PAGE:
Importantly, all communication should focus on how an agile mindset benefits both employees and customers. How will it make customers’ lives better? How will it help employees? Will it reduce customer complaints? Help the support team manage their workload? Give teams more control over their project execution?
These kinds of answers should be front and center.
Does your organization have a culture of psychological safety, where employees take risks, innovate, and are honest without fear of consequences? If the answer is no, your agile journey is at risk–according to Harvard Business Review.
4. Update processes, documentation, and incentives
Everything in your organization needs to support your new mindset. This means tossing any old processes, tools, workflows, or documentation that doesn’t—and replacing them with something that does (like ClickUp’s agile dashboard and workflows or these 10 templates).
It also means incentivizing an agile mindset. Economic theory tells us that people’s behavior follows incentives. If something is easier, higher reward, or tied to previous effort, people are more likely to do it. Which means part of this process is identifying what incentives are hidden in your company’s processes and whether they support the new or old ways of working.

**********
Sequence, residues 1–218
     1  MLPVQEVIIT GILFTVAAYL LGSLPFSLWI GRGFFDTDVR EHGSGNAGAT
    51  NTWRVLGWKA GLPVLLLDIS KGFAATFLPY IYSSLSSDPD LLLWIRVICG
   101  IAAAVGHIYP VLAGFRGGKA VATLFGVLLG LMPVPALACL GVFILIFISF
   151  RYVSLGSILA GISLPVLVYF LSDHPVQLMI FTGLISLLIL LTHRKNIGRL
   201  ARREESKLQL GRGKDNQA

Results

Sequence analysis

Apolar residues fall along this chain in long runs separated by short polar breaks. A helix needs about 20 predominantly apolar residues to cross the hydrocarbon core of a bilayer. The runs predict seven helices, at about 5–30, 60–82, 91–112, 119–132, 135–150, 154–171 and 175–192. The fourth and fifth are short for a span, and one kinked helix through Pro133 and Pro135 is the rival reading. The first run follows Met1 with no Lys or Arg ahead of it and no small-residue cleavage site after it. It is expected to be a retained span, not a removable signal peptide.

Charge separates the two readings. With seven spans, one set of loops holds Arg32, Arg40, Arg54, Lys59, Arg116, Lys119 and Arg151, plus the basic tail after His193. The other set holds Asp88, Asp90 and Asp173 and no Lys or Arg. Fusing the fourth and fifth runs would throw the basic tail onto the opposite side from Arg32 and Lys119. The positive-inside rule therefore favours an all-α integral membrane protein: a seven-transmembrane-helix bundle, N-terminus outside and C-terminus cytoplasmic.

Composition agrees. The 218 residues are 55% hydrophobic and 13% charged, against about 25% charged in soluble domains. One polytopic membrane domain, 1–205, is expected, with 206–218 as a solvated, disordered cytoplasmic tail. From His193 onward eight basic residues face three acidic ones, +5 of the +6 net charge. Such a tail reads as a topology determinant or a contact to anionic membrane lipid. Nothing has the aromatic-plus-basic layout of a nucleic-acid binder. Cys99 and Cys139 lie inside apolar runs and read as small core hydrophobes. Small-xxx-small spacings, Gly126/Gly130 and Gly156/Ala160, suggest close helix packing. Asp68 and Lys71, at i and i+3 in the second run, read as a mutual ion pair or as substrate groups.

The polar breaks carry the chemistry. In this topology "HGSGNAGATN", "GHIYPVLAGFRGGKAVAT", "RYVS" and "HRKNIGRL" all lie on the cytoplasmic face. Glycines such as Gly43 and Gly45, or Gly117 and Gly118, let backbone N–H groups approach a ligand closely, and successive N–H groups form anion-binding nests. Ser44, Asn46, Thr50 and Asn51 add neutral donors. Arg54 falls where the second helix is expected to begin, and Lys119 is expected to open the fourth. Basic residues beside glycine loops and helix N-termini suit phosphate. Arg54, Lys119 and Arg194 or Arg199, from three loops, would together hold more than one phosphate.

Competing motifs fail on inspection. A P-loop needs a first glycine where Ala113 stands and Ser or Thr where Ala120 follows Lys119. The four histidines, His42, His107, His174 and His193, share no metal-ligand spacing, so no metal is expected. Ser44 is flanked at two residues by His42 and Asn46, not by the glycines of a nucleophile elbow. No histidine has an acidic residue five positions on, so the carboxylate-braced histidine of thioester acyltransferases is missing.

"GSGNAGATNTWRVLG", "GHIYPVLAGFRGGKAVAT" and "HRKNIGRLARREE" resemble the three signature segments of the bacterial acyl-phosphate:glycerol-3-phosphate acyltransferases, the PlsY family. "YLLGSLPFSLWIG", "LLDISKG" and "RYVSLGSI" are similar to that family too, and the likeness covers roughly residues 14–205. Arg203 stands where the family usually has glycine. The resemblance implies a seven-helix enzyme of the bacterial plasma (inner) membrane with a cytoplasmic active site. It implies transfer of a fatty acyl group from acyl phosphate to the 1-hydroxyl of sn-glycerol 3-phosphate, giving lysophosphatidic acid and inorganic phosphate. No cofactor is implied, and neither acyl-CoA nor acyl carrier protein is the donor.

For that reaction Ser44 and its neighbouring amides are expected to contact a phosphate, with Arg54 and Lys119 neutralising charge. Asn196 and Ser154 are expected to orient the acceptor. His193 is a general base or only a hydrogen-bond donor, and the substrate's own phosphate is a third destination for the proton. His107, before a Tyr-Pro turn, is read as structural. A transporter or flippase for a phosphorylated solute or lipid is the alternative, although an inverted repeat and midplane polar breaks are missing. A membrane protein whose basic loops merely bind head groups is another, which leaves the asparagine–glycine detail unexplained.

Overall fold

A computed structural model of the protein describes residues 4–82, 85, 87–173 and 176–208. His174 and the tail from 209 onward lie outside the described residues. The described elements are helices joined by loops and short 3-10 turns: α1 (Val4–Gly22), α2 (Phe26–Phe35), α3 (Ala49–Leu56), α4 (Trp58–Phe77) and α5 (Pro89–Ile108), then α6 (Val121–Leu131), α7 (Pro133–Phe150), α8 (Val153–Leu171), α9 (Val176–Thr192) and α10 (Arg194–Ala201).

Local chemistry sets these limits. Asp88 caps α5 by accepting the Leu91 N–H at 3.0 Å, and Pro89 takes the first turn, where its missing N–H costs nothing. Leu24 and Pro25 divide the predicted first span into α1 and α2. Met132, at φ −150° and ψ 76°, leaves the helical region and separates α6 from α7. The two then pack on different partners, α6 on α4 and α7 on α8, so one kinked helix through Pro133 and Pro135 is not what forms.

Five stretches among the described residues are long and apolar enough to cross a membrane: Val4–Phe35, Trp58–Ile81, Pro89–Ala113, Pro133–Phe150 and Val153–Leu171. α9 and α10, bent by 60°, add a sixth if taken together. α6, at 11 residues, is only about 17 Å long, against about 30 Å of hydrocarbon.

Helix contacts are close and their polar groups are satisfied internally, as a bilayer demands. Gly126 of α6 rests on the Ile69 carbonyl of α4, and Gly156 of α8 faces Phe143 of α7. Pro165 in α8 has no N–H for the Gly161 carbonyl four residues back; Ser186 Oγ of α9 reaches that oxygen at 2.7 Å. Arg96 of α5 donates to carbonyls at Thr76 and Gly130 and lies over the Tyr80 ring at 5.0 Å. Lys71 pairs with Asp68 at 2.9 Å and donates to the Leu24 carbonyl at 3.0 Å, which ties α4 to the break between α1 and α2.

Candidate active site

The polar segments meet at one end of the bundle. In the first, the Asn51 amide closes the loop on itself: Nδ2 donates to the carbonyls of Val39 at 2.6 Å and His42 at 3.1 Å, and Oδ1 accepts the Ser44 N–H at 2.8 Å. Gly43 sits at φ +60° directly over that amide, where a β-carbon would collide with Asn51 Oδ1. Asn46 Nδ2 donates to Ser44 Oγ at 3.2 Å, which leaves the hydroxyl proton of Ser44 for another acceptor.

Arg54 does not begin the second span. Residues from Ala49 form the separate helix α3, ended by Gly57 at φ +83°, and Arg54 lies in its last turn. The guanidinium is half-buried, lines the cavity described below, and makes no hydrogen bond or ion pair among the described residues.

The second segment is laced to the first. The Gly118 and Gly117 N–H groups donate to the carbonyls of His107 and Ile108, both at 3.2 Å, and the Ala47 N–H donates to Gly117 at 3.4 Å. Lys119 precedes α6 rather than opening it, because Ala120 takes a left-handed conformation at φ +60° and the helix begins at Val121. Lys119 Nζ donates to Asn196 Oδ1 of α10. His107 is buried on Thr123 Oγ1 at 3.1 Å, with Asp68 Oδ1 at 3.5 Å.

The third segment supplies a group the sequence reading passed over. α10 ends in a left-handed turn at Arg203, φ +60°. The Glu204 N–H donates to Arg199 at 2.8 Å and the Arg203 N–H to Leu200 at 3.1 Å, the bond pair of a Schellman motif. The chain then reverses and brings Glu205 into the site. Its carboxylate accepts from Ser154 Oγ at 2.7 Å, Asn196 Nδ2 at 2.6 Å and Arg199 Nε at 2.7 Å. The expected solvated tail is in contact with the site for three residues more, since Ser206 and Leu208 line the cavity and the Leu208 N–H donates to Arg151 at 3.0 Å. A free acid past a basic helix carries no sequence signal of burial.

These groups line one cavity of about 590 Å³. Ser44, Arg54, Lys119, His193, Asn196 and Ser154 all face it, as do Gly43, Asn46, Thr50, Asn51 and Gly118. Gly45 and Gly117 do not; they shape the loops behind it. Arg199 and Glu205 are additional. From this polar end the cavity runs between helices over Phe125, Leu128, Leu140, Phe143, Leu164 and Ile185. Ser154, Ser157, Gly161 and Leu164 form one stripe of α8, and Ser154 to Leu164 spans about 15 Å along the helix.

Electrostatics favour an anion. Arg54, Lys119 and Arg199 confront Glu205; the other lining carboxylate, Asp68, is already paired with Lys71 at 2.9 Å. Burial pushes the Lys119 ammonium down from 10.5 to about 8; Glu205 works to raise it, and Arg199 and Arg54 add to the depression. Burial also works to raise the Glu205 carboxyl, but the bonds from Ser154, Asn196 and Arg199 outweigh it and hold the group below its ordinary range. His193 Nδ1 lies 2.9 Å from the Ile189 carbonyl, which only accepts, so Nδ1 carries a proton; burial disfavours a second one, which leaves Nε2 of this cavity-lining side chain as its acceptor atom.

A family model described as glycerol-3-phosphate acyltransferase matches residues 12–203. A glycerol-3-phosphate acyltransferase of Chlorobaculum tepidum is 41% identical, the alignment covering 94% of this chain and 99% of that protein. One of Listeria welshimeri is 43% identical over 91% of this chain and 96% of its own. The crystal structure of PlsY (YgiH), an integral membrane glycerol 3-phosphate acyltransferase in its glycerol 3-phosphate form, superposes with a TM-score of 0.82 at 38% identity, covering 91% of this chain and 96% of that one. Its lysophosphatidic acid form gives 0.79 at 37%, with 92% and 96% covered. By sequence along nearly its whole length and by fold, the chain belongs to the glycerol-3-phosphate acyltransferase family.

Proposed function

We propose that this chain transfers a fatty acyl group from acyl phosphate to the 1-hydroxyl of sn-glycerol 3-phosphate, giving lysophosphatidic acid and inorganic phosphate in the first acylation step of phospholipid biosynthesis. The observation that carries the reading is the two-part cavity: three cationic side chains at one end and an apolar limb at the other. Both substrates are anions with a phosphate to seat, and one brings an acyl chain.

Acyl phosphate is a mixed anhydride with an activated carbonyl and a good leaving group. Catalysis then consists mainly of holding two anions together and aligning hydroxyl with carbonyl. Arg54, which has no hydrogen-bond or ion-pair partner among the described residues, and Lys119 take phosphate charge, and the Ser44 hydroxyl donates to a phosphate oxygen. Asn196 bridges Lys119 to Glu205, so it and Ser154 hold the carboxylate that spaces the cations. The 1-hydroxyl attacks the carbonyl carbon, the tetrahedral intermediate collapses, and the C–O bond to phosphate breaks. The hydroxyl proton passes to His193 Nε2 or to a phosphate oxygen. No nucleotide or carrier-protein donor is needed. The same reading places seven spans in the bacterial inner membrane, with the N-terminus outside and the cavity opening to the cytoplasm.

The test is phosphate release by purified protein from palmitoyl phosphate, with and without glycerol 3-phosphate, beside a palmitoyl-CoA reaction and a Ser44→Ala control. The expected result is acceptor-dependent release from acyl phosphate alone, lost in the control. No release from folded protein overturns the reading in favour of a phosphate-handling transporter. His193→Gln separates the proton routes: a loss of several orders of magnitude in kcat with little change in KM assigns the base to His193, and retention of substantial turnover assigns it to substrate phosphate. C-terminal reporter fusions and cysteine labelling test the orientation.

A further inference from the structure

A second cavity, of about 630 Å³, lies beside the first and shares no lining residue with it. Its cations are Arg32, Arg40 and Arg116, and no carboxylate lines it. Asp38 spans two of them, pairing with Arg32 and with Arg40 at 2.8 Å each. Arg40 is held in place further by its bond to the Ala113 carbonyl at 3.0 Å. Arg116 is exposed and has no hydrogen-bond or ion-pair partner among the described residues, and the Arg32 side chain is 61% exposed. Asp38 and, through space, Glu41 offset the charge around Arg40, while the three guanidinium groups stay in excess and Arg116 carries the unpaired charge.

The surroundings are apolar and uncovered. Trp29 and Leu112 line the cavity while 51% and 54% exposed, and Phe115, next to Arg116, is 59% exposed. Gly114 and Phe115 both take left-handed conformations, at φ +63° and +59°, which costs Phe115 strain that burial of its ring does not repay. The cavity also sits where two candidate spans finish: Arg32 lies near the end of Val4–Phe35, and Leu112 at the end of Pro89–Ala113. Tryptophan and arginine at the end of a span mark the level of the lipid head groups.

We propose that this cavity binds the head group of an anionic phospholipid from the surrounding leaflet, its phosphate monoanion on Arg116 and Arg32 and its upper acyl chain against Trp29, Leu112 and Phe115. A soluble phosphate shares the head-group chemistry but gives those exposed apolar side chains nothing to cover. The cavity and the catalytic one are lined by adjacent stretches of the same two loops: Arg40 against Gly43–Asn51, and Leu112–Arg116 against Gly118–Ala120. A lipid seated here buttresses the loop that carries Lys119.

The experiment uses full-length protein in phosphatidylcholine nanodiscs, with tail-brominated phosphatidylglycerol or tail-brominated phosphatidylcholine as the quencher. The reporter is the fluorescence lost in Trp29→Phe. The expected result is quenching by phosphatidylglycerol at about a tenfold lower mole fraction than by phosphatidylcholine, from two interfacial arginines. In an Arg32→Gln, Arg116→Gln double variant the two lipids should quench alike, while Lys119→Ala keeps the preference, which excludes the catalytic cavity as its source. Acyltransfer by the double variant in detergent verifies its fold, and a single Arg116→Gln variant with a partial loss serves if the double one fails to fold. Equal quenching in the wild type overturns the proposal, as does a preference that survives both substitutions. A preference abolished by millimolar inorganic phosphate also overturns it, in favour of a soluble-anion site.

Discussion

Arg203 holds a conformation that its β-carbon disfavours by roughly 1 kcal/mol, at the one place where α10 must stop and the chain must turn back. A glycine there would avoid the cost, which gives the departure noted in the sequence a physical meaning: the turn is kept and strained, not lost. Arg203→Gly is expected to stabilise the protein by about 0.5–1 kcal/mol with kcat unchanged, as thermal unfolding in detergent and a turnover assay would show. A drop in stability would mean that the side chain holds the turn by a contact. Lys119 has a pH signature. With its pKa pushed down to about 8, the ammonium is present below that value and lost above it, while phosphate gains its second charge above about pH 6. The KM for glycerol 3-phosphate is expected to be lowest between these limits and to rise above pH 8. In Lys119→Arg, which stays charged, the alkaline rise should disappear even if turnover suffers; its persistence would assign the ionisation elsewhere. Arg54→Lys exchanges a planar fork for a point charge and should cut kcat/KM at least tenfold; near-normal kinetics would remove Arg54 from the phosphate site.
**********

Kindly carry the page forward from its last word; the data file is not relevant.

For example, if raises or bonuses are tied to turning projects in on time, that can disincentivize people from speaking up when a project should be delayed for reasons such as:
The project isn’t really ready for customers
There’s a market reason to push pause
Another project should be a priority
This can stifle both innovation and strategic thinking.
Similarly, if adopting agile practices means a more odious process in your tools (or if there are no tools to support it and the employee would have to build their own system from scratch), that disincentivizes change.
5. Always be ready to pivot
Agile transformation is not a one-and-done process. The ways businesses approach work and people think about the agile priorities of innovation, people, flexibility, etc. will change over time. Make sure to build learning and adjustments into your process. Check in regularly on how the culture is faring.
Checking in can happen in a variety of ways, including:
Running regular surveys within the company to get a sense of current culture and beliefs
Holding regular meetings with your board/leadership to get a sense of progress
Building an agile mindset check-in into sprint planning or other regular meetings
Support your agile mindset with the right tools
Once you start cultivating the right mindset across the company, it’s finally time to start thinking about what tools will support your efforts. What tools and documentation will build adaptability, flexibility, and trust deeper into your processes and ways of working? What templates or workflows do you need to implement in order to remove obstacles from your mindset shift?
It’s vital to realize that the tools and the mindset shift are two different things, but that both matter and should support each other. Which is why we curated a robust collection of software development templates–along with step-by-step guides for managing all aspects of agile development in ClickUp.